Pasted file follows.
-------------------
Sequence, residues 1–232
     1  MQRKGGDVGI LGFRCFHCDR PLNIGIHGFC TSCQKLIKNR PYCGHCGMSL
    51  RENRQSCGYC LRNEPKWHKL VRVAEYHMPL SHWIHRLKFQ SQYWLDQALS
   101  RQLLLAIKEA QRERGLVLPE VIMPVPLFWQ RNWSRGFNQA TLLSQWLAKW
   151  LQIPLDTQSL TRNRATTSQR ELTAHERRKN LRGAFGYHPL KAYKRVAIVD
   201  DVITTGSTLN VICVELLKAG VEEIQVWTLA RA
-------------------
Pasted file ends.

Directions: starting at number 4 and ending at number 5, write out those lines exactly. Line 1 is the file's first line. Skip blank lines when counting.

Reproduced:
   101  RQLLLAIKEA QRERGLVLPE VIMPVPLFWQ RNWSRGFNQA TLLSQWLAKW
   151  LQIPLDTQSL TRNRATTSQR ELTAHERRKN LRGAFGYHPL KAYKRVAIVD